Also contemplated for use as the film material for lining the mold 3 or covering mold 3 are hot melt adhesives such as those described in European patent application EP557573A2. In particular, a blend of styrene-isoprene-styrene (SIS) copolymer, resin, oil, wax and antioxidant/stabilizer may be used, but other blends (e.g. blends using polymers and/or copolymers other than SIS) may be used so long as they meet the criteria set forth herein.
The films may, if desired, contain antioxidants for enhanced stability as well as other optional components such as fatty amides or other processing aids, anti-stats, stabilizers, plasticizers, dyes, pigments, perfumes, fillers and the like to increase the flexibility, handleability, visibility or other useful property of the film.
The specific thermoplastic film utilized will depend, in large part, on the composition and melting point of the hot melt adhesive being packaged, with the softening point of the film generally being about 90° C. to 130° C. Particularly preferred for most hot melt adhesives are thermoplastic films of low density polyethylene or poly(ethylene vinyl acetate) wherein the amount of vinyl acetate is 0 to 10%, preferably 3 to 5%, by weight. Especially preferred are such films having a melt flow index of 0.5 to 10.0; a softening point of 100° C. to 120° C. and a specific gravity of 0.88 to 0.96. One example of these films is available commercially from Tyco Plastics under the Armin 501 trade name. Other preferred films are composed of SPP or mRCP polymers.
The thickness of the film utilized generally varies between about 0.1 mil to 5 mil, preferably 0.5 mil to 4 mil. It is further preferred that the thermoplastic film comprise not more than about 1.5% by weight of the total adhesive mass and that it optimally vary from 0.2 to 1.0% by weight of the mass in order to prevent undue dilution of the adhesive properties.
The pan or mold 3 into which the thermoplastic film is placed and into which the molten adhesive is to be poured may comprise any rigid, self supporting material. The mold or pan 3 is generally formed from rigid plastic, e.g. polyethylene terephthalate (PET), acrylonitrile/butadiene/styrene polymers or polypropylene, or from metallic substrates such as copper, tin, stainless steel or aluminum. The inner surfaces of the pans or molds may also be coated with a release layer or non-stick layer such as the fluoropolymer “Teflon” available from DuPont. The size and internal configuration of the cavity in each mold or pan 3 varies according to the size and configuration of the desired hot melt adhesive block. In general each mold or pan is approximately 3″×3″×11″ in dimension and often a series of molds or pans are formed from one contiguous plastic, cellulosic or metal sheet.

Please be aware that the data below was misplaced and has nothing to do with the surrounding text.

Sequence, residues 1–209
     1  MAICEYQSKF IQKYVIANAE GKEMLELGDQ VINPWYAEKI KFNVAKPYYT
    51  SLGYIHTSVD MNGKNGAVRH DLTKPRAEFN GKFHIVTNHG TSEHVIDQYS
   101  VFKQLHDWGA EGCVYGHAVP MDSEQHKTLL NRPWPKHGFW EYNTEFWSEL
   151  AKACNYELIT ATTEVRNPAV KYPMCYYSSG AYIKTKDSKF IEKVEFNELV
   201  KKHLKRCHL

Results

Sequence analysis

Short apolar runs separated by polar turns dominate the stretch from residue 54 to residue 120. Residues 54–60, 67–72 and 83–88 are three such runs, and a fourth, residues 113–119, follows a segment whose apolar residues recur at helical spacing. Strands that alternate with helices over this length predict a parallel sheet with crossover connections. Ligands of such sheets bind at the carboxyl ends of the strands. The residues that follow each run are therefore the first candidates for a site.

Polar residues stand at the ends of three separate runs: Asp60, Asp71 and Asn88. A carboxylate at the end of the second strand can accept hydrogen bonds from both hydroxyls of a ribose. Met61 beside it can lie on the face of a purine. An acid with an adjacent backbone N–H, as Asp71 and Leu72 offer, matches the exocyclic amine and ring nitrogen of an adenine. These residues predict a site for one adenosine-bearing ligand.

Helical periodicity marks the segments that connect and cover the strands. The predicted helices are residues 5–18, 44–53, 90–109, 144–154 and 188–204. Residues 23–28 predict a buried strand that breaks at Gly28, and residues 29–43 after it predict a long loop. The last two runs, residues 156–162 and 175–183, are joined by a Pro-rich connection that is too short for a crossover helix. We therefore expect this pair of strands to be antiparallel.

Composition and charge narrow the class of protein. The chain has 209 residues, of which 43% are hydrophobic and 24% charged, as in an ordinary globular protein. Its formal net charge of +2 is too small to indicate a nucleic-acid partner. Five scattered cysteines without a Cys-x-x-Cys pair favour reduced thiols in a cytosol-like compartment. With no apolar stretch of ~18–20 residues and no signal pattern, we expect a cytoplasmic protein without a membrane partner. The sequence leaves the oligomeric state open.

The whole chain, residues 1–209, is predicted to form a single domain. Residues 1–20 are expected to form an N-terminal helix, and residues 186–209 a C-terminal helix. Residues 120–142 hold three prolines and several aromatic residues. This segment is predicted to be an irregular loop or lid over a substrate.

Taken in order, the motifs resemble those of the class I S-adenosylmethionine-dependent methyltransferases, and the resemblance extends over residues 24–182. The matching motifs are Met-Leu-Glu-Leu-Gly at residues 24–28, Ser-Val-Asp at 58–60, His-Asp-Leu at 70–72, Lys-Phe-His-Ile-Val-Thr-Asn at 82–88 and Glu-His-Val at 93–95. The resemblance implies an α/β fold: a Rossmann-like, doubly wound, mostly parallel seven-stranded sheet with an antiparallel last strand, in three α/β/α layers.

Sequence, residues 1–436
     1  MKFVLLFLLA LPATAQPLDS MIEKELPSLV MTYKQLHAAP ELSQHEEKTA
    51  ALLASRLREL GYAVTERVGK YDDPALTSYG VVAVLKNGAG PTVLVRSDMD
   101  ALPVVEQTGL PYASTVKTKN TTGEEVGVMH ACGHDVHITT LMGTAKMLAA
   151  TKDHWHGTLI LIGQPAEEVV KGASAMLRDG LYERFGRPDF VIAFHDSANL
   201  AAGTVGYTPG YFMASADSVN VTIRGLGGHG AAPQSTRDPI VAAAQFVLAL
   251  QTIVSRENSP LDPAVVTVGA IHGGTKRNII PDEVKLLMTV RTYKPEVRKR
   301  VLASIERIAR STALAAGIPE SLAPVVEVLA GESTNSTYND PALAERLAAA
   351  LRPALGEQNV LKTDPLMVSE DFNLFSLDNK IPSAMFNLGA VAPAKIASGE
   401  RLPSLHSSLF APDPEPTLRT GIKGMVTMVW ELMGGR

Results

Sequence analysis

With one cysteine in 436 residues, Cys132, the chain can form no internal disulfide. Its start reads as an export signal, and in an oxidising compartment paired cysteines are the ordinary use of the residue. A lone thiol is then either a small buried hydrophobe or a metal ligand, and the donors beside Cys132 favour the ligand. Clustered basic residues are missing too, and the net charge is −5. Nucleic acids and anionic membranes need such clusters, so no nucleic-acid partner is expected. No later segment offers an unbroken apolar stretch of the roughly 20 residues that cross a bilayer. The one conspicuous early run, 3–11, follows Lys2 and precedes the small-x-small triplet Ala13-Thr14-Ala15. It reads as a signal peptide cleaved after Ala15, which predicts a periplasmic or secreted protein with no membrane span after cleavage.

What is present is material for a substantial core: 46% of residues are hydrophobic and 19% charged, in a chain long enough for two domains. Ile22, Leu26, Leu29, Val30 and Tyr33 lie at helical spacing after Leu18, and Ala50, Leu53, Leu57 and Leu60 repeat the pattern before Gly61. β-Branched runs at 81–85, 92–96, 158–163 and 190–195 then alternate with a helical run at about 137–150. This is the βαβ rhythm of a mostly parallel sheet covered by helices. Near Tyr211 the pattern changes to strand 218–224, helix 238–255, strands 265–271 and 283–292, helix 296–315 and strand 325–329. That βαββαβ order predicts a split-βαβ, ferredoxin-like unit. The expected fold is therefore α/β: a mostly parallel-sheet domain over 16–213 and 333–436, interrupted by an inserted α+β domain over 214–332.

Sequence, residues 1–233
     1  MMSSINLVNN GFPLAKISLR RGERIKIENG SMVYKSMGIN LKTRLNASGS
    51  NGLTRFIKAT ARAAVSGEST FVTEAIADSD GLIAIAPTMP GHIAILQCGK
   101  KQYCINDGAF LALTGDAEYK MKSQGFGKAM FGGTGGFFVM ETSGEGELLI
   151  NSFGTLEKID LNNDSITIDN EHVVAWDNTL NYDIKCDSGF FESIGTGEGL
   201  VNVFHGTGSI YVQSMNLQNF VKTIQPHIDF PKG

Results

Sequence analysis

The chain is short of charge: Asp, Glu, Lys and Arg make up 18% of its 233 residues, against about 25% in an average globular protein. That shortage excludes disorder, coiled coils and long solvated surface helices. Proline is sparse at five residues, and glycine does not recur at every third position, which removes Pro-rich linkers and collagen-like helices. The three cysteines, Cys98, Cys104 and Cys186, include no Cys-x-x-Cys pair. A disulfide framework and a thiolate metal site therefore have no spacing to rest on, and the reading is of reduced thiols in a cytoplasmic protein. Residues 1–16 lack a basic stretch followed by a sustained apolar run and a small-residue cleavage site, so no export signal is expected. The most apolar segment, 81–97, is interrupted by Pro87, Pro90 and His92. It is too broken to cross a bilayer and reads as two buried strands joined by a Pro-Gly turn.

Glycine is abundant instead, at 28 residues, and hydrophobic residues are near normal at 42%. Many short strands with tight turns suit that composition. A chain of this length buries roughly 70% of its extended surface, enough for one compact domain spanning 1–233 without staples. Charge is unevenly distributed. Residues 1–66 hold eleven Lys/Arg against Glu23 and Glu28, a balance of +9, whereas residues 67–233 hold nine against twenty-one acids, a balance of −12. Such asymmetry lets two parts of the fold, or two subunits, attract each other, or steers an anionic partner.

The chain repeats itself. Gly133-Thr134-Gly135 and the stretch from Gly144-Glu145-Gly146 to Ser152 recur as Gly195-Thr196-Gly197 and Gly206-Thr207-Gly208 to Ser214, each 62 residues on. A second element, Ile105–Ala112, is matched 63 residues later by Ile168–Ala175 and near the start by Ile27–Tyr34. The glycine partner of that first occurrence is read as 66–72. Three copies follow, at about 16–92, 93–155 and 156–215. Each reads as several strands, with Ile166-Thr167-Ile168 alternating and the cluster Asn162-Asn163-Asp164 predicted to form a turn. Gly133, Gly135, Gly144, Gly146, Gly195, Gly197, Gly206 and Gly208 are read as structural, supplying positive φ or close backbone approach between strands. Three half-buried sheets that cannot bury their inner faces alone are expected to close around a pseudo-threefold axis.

As described herein, the pan or mold 3 is received within and supported by a carrier as it moves downstream in the process of the present invention. The carrier may comprise any type of rigid apparatus that not only supports pan or mold 3, but also acts as a heat sink to effectively and rapidly remove, dissipate or absorb the heat from the molten adhesive within pan 3. The carrier is preferably in the form of the second pan 10 as previously described herein so that the cooling medium can contact directly against the external surfaces of pan 10. However, the carrier could also take on other forms wherein the cooling medium contacts one or more internal surfaces of the carrier. For example,
It is also important to note that the embodiments illustrated in
Cooling may be accomplished by any medium which acts to remove, absorb or dissipate heat from the molten adhesive. The cooling medium may be either a liquid or a gas, and may be used at ambient temperature or chilled to any desired degree below ambient. The cooling medium is preferably a liquid such as water, a water-ethylene glycol blend or even liquid nitrogen or liquid carbon dioxide. However, as noted above, the cooling medium could also be a gas such as air, oxygen, carbon dioxide, nitrogen or argon.
The following tests were performed to determine the compatibility of various thin films when ultimately mixed with an adhesive composition to determine whether the films have physical characteristics which are compatible with and do not substantially adversely affect the adhesive characteristics of a molten mixture of said adhesive and said material, and whereby said mixture is substantially compatible with the operation of hot melt application equipment.
Film Compatibility Study
The results of the above tests show that the adhesive properties of the adhesive blocks are unaffected by the admixture with the packaging material. Similar results would also be obtained when packaging other hot melt adhesive formulations. The changes observed in viscosity and melting point are not considered significant.